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Dear Fellow Soldiers

Dear fellow soldiers:

This is in the nature of an open letter to you servicemen. Having been requested to write upon a subject of interest to the service men I choose this means to chat with you about current events, which I hope will be of interest to you.

My first event is our recent trip to Iowa to attend the Classis in Sioux Center. Of course, you fellows can understand that I cannot relate the matters that came up for attention in this brief letter. If you are interested you ought to consult the church papers for the official reports. There are impressions that one receives which are not found in official reports, and that is the matter about which I wish to write.

One thing that was impressed upon me by the conversation with elders and ministers and by my observation of things in general is the fact that there is trouble in our churches. That ought to be expected in our churches because wherever Christians are serious about matters of faith and conviction there is inevitable clash in the church militant. The trouble is serious however, when there is not the faith that our only King and High Priest, Jesus Christ, is going to see us through this difficulty. You fellows in the service realize that that firm conviction is necessary to have peace of mind. When you face the matter of induction and battle, your only comfort is that you belong to Him and that He will cause all things to work together for good. Without that faith you are not good soldiers. Speaking to the soldiers of Christ Paul says, “endure hardness”.

Another trouble with trouble is that there is often a failure to determine or to state the issues. It is always necessary to analyze the case, to seek understanding of both sides and finally to express an impartial judgment upon the case in hand without having imposed other issues produced by our fears and imaginations.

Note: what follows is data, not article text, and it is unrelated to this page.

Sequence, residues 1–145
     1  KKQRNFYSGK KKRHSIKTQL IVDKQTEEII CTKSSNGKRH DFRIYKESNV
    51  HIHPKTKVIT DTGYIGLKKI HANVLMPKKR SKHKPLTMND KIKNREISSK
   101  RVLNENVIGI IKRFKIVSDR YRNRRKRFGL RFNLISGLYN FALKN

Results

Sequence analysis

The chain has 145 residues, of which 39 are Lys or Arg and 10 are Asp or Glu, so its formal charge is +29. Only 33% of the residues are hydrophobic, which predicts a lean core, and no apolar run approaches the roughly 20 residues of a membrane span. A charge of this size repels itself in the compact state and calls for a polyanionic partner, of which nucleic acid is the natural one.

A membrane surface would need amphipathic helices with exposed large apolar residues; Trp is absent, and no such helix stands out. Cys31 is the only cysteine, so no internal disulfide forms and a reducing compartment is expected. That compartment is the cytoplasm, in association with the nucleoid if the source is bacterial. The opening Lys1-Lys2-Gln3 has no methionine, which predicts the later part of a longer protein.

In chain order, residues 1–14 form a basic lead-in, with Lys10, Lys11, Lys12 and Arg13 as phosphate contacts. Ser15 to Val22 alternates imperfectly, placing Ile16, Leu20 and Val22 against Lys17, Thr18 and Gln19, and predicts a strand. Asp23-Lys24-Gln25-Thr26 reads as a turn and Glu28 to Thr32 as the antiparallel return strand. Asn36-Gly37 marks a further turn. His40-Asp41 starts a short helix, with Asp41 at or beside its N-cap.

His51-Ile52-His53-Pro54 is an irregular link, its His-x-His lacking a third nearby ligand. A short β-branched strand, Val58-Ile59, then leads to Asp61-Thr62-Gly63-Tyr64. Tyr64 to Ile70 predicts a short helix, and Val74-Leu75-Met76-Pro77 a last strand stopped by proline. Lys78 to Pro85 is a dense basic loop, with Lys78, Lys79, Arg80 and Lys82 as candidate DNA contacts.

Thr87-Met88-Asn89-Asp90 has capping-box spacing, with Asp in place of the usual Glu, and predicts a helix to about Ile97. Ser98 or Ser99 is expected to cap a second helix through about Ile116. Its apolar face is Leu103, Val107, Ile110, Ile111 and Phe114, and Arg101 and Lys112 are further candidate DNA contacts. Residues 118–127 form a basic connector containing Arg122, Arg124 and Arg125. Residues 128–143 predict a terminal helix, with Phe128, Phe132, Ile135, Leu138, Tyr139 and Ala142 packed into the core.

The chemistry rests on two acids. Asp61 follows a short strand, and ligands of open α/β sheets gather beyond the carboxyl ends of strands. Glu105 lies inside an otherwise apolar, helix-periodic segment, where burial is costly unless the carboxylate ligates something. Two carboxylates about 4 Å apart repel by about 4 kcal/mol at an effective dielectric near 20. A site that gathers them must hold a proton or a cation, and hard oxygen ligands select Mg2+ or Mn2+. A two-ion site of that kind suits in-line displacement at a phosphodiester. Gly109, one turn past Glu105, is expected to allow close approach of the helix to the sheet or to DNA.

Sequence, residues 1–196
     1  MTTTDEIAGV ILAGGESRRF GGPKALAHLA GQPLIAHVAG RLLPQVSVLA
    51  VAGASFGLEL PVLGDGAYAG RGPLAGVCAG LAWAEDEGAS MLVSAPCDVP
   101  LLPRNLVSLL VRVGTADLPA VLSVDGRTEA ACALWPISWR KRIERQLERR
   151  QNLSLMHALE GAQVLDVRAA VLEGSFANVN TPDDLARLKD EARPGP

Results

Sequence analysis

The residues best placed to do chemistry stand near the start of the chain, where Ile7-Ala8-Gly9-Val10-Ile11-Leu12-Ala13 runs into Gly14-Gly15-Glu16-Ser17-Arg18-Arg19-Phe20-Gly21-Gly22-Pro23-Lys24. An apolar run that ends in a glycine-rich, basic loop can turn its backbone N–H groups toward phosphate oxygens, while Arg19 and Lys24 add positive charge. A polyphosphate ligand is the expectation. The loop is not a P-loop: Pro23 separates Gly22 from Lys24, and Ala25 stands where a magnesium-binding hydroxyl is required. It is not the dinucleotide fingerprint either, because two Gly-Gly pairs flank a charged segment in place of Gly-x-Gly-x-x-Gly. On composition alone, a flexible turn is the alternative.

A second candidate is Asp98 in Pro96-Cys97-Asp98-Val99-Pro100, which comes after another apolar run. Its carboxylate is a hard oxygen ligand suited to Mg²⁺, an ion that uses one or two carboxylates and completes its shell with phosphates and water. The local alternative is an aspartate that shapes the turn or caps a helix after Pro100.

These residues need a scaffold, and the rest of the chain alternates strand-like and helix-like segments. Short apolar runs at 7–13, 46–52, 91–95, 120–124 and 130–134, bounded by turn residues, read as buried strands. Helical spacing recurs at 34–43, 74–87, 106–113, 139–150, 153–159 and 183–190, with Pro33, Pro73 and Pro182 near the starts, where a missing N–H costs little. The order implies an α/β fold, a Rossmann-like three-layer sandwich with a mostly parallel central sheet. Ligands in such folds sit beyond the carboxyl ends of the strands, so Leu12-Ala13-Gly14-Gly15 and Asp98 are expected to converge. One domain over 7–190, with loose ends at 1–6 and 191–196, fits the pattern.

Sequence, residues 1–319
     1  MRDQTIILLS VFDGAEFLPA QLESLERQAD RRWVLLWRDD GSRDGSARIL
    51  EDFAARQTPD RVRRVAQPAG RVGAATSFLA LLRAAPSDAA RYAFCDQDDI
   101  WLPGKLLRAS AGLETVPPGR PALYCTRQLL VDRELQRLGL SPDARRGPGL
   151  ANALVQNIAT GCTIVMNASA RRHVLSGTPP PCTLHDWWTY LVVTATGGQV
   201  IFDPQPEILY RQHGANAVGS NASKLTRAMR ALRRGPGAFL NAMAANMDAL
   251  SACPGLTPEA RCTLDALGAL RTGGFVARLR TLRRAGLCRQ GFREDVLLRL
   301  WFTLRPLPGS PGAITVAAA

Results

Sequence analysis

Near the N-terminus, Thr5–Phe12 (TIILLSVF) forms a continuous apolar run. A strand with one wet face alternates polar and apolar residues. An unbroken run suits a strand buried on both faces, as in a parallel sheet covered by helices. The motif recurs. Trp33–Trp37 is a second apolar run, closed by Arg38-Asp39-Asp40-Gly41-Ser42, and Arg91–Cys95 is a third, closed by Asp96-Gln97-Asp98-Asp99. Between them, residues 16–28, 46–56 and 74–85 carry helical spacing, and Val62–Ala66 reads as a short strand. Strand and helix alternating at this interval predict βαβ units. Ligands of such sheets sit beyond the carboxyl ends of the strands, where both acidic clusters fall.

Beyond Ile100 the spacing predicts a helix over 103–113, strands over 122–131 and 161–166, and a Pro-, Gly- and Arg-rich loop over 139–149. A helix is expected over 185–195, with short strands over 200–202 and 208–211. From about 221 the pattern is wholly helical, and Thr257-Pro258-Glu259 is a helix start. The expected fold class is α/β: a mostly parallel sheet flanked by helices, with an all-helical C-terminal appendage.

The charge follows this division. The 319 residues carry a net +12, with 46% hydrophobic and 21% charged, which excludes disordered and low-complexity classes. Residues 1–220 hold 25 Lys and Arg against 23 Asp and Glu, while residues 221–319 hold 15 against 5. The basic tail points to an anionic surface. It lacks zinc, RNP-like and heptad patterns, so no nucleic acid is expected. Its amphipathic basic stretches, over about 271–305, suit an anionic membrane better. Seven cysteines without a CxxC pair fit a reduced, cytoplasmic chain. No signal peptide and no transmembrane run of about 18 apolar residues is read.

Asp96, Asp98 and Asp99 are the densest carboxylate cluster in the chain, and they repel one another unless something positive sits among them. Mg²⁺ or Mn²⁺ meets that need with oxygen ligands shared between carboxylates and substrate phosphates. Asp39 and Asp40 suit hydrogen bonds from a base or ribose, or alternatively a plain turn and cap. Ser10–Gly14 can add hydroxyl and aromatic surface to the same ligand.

In this connection it was impressed upon me too that we should heed the admonition of Paul, to be followers together of Paul, and mark them which walk so as ye have us as an ensample. By our associations with certain Christians we learn to gain the right perspective upon matters that take place in our church life and also in our personal life. Certain individuals are only able to inflame us and lead us into deeper bitterness by their malice and slander. Others are able to lead us closer to God; they seem to stand aloof from all small things and yet have a way to dissolve the little troubles.

Such a character I met in Hull, Iowa. She was Grandma Gritters, mother to our Rev. Gritters. This month she is eighty years old, and she is still keen of mind and spirit, one whom many old and young in her neighborhood have cherished for her Christian spirit and wisdom. Her conversation was seasoned with salt and it brought me into contact with one who has been connected with the organism of the church many more years than you young soldiers or any of us.

One thing among other things that I shall remember was her remark about someone’s loss of a dear one. To such a one she had remarked that it was hard to bear such a loss at first but that one will get used to it after a while. She spoke from the Christian hardness that the Lord gives to His children from His abundant grace. It was not a hardness which had its sufficiency in the flesh, or which spoke in a fatalistic vein. It came from a humble and quiet spirit which trusted in God’s goodness and wisdom with all things.

Fellows in the service, you must have had experiences of separation which many of us have not experienced. You too can appreciate the sentiment of this old lady and can thank God for the strength He has given and will give in the days that lie ahead.

The second event which occurred during my visit to Iowa and which is now being treated in the news comments that I am reading is the death of the ruler of Soviet Russia. The death of a world ruler impresses me so much with the inescapable fact that there is a Ruler who rules from everlasting who doeth all His good pleasure.